The international crime of torture

Chapter 4
The international crime of torture

We saw above that some human rights violations give rise to individual criminal responsibility. We have referred to war crimes and set out the definitions of genocide and crimes against humanity. Such crimes have sometimes been prosecuted in international tribunals and, on occasion, at the national level. Another international crime is the crime of torture. The prohibition on torture in the UN Convention against Torture is described in absolute terms. (‘No exceptional circumstances whatsoever, whether a state of war or a threat of war, internal political instability or any other public emergency, may be invoked as a justification of torture.’) But we know that torture unfortunately goes on around the world. In this short chapter, we will focus on four issues: the definition of torture, the arguments that have been put forward to excuse torture in order to prevent a terrorist attack, the prohibition of the use of evidence gleaned from torture, and the ban on sending someone to a country where there is a strong likelihood of them being tortured. It is suggested we can learn a lot about the foundations of human rights thinking from the exploration of these issues. To better understand the challenges involved, it is worth recalling a little of the history of torture.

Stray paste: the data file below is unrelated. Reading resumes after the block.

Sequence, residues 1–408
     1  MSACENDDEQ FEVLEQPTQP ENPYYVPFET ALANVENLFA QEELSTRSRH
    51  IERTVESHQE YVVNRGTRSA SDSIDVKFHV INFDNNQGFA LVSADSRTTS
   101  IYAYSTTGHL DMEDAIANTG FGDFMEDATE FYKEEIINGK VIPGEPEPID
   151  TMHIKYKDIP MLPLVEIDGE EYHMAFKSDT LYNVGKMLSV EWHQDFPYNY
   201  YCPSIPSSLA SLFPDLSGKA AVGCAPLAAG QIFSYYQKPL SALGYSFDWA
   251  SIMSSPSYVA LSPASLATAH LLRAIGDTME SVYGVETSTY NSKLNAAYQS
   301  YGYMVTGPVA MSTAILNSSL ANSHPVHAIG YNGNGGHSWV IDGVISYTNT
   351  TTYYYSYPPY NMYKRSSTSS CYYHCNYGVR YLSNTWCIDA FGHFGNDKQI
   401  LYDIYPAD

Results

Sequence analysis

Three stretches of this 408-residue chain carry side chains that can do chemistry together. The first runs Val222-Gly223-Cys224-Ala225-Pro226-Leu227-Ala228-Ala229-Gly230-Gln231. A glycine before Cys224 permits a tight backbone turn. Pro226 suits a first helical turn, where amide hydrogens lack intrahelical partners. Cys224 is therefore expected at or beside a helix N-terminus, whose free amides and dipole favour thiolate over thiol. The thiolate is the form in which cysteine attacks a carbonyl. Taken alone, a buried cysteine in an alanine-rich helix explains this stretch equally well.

The purposes of torture have been various. In some contexts torture was considered a useful way to extract confessions and essential proof for a conviction at trial. Although the English common law prohibited torture, an exceptional procedure allowed the king to issue ‘torture warrants’ through the Star Chamber. One of the most famous individuals subjected to this procedure was Guy Fawkes, caught trying to blow up the Houses of Parliament in 1605. He was then tortured into giving up the names of his accomplices. The judges of the House of Lords in a recent human rights case have reminded us of this episode in English history (see Box 16). This form of investigation became seen as emblematic of the abuse of power by the King, it was therefore abolished, along with the Star Chamber, in 1640. Although the Roman-Canon law tradition in Continental Europe continued to accept confessions extracted by torture as useful elements of proof, this practice was increasingly seen, not only as unreliable, but also as unfair to the innocent.